Just a few days after Hughes had allegedly died from malnutrition and liver failure, a will that was written by hand mysteriously showed up in Salt Lake City at a Mormon church. Later referred to as the ‘Mormon Will,’ the handwritten will is reported to have been brought there by a gas-station owner.

Failed Beneficiaries

Though seemingly strange, the situation gets interesting ” the same guy just happened to also have been named as a beneficiary of $156 million from the will. Nonetheless, the Nevada court decided that the Mormon will was fraudulent just like the numerous other wills that would show up over the next couple of years, as well.

Coming to a Conclusion

After searching extensively for the actual will, officials concluded that, in fact, Howard Hughes had not written a will, at all. Due to the amount of money that was at stake, Howard’s cousin, who was the estate’s temporary administrator, was involved in a court battle with the Howard Hughes’ Medical Institute. Additionally, the states of Texas, California and Nevada were also drawn into the battle with each laying a claim on the estate.

Howard Hughes Corporation for the Win

For years, the battle for Howard’s estate would rage on, involving multiple spouses and several individuals claiming to be either his wife, or long-lost children. Nevertheless, the Howard Hughes’ Medical Institute ended up with the lion’s share of the money. The rest was shared among attorneys and his relatives in the form of shares in the Howard Hughes Corporation, as well as money. The estate didn’t settle in its entirety until in 2010, almost three decades after Mr. Hughes’ passing.

What Can We Learn from This?

If given the opportunity to decide how to split one’s riches and estates, one still would not like for their lifes’ earnings to be split among attorneys, states, institutes, or even to distant relatives. Having a clear will, therefore, shall mitigate this risk as well as ensuring that your property is distributed as you best wish.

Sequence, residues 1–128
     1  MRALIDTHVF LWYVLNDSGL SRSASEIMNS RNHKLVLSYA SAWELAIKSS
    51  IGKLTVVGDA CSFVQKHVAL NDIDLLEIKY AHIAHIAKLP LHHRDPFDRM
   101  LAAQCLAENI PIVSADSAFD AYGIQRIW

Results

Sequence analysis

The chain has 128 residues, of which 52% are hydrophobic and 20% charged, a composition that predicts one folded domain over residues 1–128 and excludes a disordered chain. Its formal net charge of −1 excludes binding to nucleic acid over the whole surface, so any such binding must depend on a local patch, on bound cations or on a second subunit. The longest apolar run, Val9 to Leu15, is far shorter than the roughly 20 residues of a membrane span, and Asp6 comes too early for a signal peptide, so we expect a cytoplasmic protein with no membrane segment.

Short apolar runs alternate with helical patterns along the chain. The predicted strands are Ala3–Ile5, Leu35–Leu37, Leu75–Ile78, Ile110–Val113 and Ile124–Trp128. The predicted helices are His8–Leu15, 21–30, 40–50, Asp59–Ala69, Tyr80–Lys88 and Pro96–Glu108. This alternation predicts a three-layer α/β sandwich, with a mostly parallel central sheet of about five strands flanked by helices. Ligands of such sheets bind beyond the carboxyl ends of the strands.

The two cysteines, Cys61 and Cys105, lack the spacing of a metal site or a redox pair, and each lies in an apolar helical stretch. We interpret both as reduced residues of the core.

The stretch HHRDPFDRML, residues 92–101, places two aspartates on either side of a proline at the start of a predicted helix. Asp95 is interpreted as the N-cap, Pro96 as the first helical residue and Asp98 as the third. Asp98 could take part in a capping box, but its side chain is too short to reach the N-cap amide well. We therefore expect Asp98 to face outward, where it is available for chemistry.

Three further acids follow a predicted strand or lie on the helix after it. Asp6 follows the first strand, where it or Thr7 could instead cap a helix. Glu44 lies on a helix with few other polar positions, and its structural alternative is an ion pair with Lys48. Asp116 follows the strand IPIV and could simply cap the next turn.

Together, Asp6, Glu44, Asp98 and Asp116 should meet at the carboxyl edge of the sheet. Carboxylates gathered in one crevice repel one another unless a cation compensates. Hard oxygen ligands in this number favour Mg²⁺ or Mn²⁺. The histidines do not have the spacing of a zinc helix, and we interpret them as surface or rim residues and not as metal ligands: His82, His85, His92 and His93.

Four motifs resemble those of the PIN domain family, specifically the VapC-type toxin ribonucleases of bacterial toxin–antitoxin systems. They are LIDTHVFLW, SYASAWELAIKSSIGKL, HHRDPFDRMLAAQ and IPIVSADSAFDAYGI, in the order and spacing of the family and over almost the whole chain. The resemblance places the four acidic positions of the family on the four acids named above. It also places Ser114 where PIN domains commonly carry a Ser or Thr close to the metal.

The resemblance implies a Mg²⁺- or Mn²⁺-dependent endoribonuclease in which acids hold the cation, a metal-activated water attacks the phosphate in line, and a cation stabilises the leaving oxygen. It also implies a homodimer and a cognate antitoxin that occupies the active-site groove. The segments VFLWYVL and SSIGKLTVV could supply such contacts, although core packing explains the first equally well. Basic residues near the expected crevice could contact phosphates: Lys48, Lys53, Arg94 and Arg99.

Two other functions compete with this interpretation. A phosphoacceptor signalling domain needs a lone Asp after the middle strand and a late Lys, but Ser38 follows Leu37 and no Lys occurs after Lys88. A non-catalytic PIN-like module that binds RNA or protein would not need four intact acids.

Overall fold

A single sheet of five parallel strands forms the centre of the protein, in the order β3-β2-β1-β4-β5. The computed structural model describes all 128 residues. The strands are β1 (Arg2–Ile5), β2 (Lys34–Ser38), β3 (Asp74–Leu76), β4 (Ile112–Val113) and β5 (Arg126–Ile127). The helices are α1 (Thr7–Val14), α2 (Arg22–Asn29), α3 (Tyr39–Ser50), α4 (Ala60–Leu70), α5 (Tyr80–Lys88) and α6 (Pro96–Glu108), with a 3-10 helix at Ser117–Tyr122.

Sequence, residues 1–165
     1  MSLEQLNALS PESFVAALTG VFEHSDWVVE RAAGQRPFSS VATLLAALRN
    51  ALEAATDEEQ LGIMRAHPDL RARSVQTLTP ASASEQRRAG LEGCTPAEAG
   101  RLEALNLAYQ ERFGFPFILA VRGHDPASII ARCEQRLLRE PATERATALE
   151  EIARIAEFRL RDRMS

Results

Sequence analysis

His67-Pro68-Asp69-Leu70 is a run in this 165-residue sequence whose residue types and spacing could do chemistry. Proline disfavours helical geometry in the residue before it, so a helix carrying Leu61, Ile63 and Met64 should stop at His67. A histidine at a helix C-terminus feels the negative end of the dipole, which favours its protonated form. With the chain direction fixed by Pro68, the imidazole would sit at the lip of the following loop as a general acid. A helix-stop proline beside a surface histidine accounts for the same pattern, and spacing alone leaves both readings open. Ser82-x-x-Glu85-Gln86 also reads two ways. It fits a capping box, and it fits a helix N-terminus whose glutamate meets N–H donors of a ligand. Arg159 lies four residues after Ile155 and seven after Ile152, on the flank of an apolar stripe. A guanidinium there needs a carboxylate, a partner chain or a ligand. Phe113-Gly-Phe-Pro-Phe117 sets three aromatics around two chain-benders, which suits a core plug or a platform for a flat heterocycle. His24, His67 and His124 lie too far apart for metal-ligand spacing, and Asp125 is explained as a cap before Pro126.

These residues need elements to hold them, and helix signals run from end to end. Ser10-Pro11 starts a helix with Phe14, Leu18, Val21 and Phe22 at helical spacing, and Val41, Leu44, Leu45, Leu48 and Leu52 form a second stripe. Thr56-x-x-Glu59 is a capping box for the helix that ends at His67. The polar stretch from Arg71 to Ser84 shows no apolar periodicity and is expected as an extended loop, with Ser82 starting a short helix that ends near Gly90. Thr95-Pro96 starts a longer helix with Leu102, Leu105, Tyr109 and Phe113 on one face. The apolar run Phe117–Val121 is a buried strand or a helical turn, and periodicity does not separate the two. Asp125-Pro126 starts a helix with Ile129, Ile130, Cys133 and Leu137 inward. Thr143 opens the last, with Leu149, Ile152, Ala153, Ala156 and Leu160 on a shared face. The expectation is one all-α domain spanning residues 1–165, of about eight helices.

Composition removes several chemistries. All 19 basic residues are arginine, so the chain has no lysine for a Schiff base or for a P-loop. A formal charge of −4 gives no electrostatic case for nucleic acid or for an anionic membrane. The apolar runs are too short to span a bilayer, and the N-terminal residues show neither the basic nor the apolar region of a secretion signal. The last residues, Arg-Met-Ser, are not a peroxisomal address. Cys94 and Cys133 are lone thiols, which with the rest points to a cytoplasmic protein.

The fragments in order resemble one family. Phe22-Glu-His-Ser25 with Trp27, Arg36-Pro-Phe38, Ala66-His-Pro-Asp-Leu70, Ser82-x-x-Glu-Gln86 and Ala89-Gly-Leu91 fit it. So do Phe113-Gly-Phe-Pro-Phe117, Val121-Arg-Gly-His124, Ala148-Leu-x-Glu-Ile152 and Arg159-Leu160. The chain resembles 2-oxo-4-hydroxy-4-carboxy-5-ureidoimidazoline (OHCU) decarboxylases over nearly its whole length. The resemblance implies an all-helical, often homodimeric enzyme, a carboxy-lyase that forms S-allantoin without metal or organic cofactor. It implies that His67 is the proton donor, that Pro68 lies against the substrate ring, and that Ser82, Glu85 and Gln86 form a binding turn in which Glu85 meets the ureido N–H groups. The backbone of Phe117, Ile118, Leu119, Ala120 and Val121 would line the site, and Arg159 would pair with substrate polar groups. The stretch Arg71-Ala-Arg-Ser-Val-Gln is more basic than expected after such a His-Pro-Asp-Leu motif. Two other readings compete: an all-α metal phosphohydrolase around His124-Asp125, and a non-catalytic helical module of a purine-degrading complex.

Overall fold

3. Prince



The popular pop icon passed away in 2016 without having constructed a will for his riches. The reason behind this, it is believed, is that Prince had lost all his faith in legal professionals due to a previous legal battle. This meant a lengthy and costly court process. In addition, there is currently an ongoing battle to determine who his heirs truly are.

What Lesson Can We Learn Here?

Possessing the appropriate legal documents will protect not only your legacy, but also that of your children or heirs. It may be unruly to leave behind a legal disaster for your family and make them stand a real chance of losing their inheritance just because of a personally bad experience that prompted you to develop a distrust for the system.

Preparing for the Long-Run

The conversation of how to proceed with your belongings after death, is not exactly an easy topic to discuss. Though uncomfortable, it is a conversation that should be established with you and your loved ones. Having additional legal support to guide you through these decisions, can help secure your wishes, as well. After all, it takes less time do the right thing. Without proper preparations, you may leave your loved ones in an ongoing battle and state of frustration when trying to prove what’s rightfully theirs. To avoid this, create an estate plan. If you would like assistance with creating an estate plan, JT Legal Group Can help.


Your free case review regarding your unique situation is available by calling:

888-529-3111 Monday-Friday, 24 hrs a day, 7 days a week.

Jack Ter-Saakyan, Esq.